In most cases, an instant driving ban can last between seven and 56 days – depending on the nature of the speeding offence. For more serious speeding offences, an instant ban can last up to 120 days. Penalty points will typically range between 3 and 6, but the court may decide to issue an immediate ban with no penalty points.
If you’ve been caught speeding at an allegedly high speed, and already have 6 or more points on your licence, it is very likely the court will impose 6 more points, which would take your total to 12 or more. This will result in a totting up ban of 6 months.
Unless you were driving an emergency vehicle, or have genuine proof that there was no other alternative but to speed, you will not be exempt from getting a speeding offence, nor an instant driving ban.
The court will consider all issues that are raised during a hearing, including factors beyond your control which may have affected your ability to drive sensibly (mitigating circumstances) as well as factors that could increase your accountability (aggravating circumstances). There’s a possibility the court could decide not to issue an instant driving ban.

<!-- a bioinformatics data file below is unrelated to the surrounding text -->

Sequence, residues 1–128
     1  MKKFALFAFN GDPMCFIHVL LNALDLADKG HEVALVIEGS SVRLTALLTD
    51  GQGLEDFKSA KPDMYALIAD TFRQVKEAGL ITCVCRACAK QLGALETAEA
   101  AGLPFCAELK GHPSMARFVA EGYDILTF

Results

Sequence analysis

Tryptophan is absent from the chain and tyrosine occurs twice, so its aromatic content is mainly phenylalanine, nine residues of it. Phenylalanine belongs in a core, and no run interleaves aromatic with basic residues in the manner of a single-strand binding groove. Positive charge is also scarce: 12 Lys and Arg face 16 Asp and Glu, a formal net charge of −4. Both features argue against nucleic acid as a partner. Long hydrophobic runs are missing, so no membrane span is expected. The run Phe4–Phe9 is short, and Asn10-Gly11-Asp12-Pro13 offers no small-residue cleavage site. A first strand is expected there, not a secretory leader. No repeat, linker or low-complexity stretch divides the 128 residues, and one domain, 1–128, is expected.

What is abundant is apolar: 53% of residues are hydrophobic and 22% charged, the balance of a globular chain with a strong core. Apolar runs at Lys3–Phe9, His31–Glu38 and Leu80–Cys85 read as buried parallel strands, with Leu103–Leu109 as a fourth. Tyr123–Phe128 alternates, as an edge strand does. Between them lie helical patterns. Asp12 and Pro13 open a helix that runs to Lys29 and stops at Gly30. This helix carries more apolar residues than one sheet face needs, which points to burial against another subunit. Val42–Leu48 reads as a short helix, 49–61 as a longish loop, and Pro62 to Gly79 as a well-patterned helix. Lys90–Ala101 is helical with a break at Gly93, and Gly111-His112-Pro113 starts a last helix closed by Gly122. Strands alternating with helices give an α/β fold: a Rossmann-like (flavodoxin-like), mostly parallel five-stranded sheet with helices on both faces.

Driving conviction codes and penalty points must stay on your driving licence for 4 or 11 years depending on the offence. More serious offences, such as causing death by careless driving, or driving while over the limit of drugs or alcohol carry 11 year penalties.